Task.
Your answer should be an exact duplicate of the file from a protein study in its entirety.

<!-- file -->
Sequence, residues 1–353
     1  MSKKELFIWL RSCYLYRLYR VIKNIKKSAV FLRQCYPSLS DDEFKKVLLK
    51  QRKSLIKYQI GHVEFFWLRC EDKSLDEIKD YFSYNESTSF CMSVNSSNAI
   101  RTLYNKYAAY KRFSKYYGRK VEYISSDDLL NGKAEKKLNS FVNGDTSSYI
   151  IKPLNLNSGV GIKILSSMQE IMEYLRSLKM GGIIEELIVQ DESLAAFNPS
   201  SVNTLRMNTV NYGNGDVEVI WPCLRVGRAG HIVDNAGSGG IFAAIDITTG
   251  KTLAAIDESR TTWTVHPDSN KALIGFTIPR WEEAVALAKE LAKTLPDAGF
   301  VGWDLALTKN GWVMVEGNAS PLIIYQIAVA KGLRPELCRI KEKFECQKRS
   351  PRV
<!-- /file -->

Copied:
Sequence, residues 1–353
     1  MSKKELFIWL RSCYLYRLYR VIKNIKKSAV FLRQCYPSLS DDEFKKVLLK
    51  QRKSLIKYQI GHVEFFWLRC EDKSLDEIKD YFSYNESTSF CMSVNSSNAI
   101  RTLYNKYAAY KRFSKYYGRK VEYISSDDLL NGKAEKKLNS FVNGDTSSYI
   151  IKPLNLNSGV GIKILSSMQE IMEYLRSLKM GGIIEELIVQ DESLAAFNPS
   201  SVNTLRMNTV NYGNGDVEVI WPCLRVGRAG HIVDNAGSGG IFAAIDITTG
   251  KTLAAIDESR TTWTVHPDSN KALIGFTIPR WEEAVALAKE LAKTLPDAGF
   301  VGWDLALTKN GWVMVEGNAS PLIIYQIAVA KGLRPELCRI KEKFECQKRS
   351  PRV